And, you know, over the years, it expanded and changed, and continuing to work. We’re actually, Susan and I were talking yesterday about how we’re going to plan for 2021 and what are we going to do? And, you know, quite frankly, we need to change it because again, now there’s new worlds of things out there.
The other thing you talk about in the book is, so we talked about reinvention and another core tenet I think is this whole idea of collaboration. You know, innovation and that is not a solo game anymore. And we have access to people and places that we’ve never had access to before. So maybe talk a little bit about this whole concept of collaboration and why that’s so important.
Diana Wu David: So, in the book, I talked about how companies were going to transform from these behemoth hierarchies to much looser collaborations with work being more modular and with all of us being more gig economy but putting together portfolios of work. So, if you need one particular set of expertise, for example, I’m working with somebody who’s setting up a fund and they need help setting up their board. They don’t need that and they don’t need to hire me forever. They just need that expertise for a certain amount of time and maybe some other people around it. And then from there, they’ll go on their way.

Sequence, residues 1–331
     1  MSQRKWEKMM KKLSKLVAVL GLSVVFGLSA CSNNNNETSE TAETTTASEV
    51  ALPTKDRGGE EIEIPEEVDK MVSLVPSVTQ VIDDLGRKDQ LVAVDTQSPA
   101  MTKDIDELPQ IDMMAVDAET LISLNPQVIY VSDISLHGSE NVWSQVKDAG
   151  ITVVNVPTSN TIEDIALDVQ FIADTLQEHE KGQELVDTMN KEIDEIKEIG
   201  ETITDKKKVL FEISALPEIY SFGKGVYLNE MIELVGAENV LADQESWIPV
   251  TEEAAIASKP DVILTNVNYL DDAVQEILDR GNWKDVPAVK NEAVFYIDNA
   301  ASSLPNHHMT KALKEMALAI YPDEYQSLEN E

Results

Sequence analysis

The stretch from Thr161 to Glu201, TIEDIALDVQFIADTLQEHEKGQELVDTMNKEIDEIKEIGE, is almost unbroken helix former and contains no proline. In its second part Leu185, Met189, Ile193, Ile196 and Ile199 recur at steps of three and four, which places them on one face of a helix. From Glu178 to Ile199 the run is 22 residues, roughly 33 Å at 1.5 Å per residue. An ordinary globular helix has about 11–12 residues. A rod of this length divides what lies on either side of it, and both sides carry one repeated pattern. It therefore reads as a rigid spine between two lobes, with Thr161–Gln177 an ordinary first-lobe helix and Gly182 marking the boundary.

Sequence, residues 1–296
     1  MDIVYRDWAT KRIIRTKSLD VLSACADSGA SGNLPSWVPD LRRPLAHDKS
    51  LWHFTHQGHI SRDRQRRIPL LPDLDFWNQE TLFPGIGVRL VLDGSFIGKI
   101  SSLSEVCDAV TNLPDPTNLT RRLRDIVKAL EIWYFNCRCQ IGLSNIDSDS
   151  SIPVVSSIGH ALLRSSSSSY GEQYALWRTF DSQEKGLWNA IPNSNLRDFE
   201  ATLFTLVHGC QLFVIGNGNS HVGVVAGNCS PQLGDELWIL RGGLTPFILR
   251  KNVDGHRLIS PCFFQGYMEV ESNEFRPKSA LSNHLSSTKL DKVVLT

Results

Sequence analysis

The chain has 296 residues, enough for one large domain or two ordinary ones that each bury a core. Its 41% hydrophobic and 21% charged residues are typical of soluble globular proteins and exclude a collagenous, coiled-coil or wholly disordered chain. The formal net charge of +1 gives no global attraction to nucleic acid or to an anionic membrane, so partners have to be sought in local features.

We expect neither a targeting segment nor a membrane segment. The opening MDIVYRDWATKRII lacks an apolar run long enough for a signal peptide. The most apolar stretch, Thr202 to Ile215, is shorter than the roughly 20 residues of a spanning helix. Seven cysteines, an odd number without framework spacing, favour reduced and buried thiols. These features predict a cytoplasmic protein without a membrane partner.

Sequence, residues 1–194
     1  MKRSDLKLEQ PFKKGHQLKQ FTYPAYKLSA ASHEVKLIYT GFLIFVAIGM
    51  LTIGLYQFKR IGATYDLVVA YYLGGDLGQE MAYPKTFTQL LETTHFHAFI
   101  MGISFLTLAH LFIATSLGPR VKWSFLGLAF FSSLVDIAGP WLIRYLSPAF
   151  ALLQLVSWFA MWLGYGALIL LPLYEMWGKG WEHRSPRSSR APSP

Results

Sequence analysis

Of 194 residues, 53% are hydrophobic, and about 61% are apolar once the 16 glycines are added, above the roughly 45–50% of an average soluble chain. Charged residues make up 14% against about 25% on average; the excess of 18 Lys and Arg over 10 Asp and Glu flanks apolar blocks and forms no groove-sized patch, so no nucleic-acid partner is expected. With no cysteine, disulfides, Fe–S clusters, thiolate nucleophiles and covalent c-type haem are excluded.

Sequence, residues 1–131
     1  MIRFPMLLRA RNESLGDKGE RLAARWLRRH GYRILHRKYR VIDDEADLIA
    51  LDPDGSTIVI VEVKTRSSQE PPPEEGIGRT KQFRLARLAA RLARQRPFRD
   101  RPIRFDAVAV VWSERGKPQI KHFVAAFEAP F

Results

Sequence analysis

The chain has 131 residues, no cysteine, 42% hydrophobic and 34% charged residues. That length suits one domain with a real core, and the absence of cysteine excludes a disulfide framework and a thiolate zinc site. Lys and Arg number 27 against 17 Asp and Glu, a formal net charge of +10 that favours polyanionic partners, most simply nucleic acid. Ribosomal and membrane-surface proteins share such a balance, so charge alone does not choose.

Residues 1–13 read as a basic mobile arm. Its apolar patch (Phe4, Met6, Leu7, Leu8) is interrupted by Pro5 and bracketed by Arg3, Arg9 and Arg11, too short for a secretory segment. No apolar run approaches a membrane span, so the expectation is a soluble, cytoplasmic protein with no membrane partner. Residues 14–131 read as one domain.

So, I think that that coming together to do interesting projects and then going off and recombining with other teams will definitely become more the norm. And the other thing I talked about in my book was the rise of semi-private networks, SWAT teams and community gardens. So that we can find the people A that we work with well, which AI is doing an amazing job of putting teachers and students together. And I think in the future, putting whole teams of people and leaders together, if we even need a leader for some teams.